Germany, Berlin /corr. Trend A.Maharramli, I.Alizade / The humanitarian sides of the conflicts in South Caucasus can not be frozen and requires a solution. "It does not need to expect a political decision for the conflict in order to resolve the humanitarian questions," said the new Chairman of the PACE Committee for Refugees and Migration, Head of the Turkish delegation, Movlud Chavushoglu, at the conference dedicated to the 'frozen conflicts'.
The Monitoring Committee of PACE and the German Institute for International Affairs and Security organized discussions over frozen conflicts (Nagorno-Karabakh, Trans-Dniester, Georgian-Abkhazian, and Georgian-Ossetian) in Berlin on 5 to 6 November. The forum involves both official representatives of the conflicting countries and international experts.
The conflict between the two South Caucasus countries appeared in 1988 due to Armenian territorial claims against Azerbaijan. Armenia has occupied 20% of the Azerbaijani lands including the Nagorno-Karabakh region and its seven surrounding districts. Since 1992 to the present time, these territories have been under Armenian occupation. In 1994, Azerbaijan and Armenia signed a cease-fire agreement at which time the active hostilities ended. The Co-Chairs of the OSCE Minsk Group ( Russia, France and USA) are holding peaceful negotiations.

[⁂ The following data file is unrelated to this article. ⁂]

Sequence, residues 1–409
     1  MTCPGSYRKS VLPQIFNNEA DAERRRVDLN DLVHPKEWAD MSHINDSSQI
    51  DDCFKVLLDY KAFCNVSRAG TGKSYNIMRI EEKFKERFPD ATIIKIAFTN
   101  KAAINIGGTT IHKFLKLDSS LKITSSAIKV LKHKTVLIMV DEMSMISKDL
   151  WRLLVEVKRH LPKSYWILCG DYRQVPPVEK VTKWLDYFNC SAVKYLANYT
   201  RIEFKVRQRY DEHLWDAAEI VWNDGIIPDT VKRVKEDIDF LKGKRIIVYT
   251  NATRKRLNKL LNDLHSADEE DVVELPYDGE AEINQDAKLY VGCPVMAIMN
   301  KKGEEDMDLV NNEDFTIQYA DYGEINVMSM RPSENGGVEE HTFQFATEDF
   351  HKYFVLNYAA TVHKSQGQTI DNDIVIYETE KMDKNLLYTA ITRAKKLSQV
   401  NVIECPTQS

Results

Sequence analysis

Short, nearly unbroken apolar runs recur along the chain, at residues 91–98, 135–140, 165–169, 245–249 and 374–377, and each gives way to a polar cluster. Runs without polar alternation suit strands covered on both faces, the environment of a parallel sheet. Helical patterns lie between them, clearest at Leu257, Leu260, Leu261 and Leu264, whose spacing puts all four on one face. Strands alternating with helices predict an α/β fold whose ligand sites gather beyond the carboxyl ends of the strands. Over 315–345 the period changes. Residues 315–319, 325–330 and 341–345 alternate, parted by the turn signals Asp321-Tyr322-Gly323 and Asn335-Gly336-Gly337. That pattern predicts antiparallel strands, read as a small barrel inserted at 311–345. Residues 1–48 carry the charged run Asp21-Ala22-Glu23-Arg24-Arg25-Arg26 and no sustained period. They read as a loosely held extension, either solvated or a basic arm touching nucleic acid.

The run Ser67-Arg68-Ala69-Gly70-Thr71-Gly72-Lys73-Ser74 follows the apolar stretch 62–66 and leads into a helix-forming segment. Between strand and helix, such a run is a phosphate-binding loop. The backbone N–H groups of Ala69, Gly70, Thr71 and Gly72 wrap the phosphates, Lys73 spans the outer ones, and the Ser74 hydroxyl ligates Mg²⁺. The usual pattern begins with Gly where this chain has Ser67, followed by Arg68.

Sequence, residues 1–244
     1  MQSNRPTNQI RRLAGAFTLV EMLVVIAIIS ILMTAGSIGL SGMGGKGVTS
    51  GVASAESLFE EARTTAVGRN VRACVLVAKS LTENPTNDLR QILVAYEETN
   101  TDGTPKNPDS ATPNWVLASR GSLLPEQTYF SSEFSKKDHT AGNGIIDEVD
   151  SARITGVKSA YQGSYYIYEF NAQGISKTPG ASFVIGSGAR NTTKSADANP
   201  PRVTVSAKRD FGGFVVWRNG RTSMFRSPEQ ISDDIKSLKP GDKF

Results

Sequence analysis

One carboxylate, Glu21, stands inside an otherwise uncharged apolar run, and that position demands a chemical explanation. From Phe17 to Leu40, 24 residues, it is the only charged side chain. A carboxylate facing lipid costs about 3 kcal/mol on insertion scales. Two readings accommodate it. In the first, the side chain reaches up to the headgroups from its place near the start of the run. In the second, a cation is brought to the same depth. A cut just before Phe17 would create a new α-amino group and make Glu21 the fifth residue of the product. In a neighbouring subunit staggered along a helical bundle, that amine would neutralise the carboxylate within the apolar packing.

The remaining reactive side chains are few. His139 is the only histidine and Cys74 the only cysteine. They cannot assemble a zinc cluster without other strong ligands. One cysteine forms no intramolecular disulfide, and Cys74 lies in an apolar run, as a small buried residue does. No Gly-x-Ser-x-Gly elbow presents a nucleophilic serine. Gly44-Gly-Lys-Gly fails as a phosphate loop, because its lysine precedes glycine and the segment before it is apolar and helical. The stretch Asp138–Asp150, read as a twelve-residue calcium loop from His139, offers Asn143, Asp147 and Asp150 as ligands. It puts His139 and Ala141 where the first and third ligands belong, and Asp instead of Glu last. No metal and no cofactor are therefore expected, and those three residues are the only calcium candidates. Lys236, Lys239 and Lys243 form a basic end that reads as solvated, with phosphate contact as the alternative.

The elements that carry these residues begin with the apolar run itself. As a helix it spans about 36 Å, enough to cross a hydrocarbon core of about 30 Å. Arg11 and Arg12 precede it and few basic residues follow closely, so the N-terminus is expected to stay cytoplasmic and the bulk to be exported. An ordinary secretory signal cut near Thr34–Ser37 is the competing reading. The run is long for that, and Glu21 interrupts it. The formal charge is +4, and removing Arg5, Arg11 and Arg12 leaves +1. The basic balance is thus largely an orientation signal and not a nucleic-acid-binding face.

In January 2005 the PACE passed a resolution on Nagorno-Karabakh. The resolution says that Armenia has occupied Azerbaijani territories. The PACE established a Committee headed by British Parliamentarian, Lord Russell Johnson, to observe the implementation of the resolution.
According to the Chairman of the Committee, while speaking of the 'frozen conflicts', it is impossible to forget refugees, internally displaced persons and missing people. "Some 4.000 people became missing people as a result of conflicts in South Caucasus. More than one million Azerbaijanis became internally displaced persons as a result of Nagorno-Karabakh conflict. This conflict should be resolved. This conflict should be resolved. This a humanitarian issue," he said.